What if? Film explores Confederate nation
In light of the recent spate of racial intolerance incidents at the University of Virginia, school officials and leaders have been struggling to find ways to combat bigotry and encourage students to embrace diversity. But UVA President John Casteen hasn't been the only one losing sleep over the incidents.
Kevin Willmott, a film professor at the University of Kansas, has recently directed a movie that treats "slavery in history and racism in modernity."
Scheduled to premiere in just two American cities– Charlottesville is one– on October 7, The Confederate States of America is a mockumentary that hypothesizes the state of the States if the South had won the Civil War. In a recent on-Grounds interview before a sneak preview, Willmott says he planned the premiere before the recent incidents at UVA; nevertheless, the timing is uncanny. Although in the past UVA has seen acts– even attacks– resulting from racial intolerance, recent incidents have prompted UVA to hire its first ever Chief Diversity Officer.
In short, this film on racism, produced by Spike Lee, could not have arrived in Charlottesville at a more racially tumultuous time. And Willmott's powerful message is not about to relieve any tensions, "although it should spur people to discuss, and hopefully act," says the director.
The film paints an image of an America where slavery exists. Liberals flee to Canada, and when World War II arrives, Americans take a non-aggressive stance towards the Third Reich. International relations are in shreds. Yet possibly the most chilling element of the documentary is that Willmott uses actual news footage from American history to create his vision of a nation of slavery and terrorism and national and international discord.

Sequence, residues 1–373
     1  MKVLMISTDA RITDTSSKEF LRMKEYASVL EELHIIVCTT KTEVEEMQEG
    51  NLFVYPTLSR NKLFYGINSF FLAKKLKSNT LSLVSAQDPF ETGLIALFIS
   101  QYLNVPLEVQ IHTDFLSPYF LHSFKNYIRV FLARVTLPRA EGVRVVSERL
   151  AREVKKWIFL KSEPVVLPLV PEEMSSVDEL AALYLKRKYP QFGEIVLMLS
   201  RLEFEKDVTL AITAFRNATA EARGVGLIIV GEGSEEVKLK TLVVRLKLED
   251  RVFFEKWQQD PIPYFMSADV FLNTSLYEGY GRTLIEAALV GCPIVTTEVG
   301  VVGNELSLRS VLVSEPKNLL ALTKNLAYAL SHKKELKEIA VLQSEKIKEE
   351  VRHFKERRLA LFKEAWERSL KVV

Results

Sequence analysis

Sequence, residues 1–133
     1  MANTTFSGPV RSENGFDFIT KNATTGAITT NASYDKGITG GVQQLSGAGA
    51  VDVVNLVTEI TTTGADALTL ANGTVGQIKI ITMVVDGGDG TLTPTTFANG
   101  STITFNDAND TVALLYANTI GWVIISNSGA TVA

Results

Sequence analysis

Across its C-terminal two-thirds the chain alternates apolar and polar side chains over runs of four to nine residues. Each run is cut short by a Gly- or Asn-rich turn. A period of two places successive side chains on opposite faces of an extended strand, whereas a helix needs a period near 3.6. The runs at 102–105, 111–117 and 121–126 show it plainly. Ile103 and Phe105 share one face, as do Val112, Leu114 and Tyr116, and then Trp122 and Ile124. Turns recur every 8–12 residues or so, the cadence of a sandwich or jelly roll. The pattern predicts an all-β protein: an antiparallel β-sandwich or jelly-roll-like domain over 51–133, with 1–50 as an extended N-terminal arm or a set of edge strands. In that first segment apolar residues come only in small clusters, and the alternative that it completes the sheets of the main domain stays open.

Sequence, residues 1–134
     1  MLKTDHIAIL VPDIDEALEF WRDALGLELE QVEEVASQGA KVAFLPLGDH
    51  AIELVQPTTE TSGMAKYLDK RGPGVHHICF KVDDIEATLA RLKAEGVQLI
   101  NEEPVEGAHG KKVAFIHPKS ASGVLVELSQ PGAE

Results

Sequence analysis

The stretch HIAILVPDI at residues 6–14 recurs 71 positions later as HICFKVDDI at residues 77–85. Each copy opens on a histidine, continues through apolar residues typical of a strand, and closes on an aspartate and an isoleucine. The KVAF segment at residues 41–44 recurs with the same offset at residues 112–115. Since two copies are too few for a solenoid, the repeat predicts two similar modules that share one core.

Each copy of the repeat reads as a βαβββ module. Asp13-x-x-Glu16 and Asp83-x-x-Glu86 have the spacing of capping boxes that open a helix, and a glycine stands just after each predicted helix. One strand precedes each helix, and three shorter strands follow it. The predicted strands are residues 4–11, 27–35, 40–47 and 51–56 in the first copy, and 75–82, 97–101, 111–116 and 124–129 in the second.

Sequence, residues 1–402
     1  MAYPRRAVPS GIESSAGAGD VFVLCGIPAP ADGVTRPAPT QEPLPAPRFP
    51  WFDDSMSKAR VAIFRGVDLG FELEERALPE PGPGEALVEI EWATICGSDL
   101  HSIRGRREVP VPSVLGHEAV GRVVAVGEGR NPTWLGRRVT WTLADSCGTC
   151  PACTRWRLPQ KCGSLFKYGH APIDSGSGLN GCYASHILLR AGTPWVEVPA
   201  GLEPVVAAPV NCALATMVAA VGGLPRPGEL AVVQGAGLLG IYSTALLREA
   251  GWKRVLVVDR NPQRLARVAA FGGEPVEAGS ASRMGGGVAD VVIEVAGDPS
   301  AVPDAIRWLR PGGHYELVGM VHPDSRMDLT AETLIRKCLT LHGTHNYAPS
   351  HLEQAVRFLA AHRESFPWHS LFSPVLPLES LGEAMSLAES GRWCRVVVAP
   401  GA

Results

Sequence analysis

"One of the main ideas behind this film is that our modern USA is not so different from the CSA," says Willmott. "There are a lot of cultural elements and events in the film that seem so shocking, but then viewers realize that many of them parallel real American life."
The movie's brash approach extends to its website, which features an eBay-style online auction of African American workers. And even the director confesses that some of the actors were initially hesitant to work on the film.
"Some of them were weirded out," he recalls. "But if I were making a slasher film, chasing a half-naked woman with an axe, few people would have a problem with it. This film has no violence, no swearing. The fact of the matter is that people know that this nation has unfinished business, and that fact is uncomfortable for them."
One of the least comfortable topics in the film is the one that receives the most attention: racism. But the depiction of the master-slave relationship in the film isn't just unsettling because it's what might have been.
"It's what still exists," says Willmott. "We may not have masters and slaves anymore, but we still have racism."
Willmott's final piece of advice is blunt. "Stop romanticizing the past. Stop romanticizing altogether," he says. "How do you want to remember our history?"
Director Kevin Willmott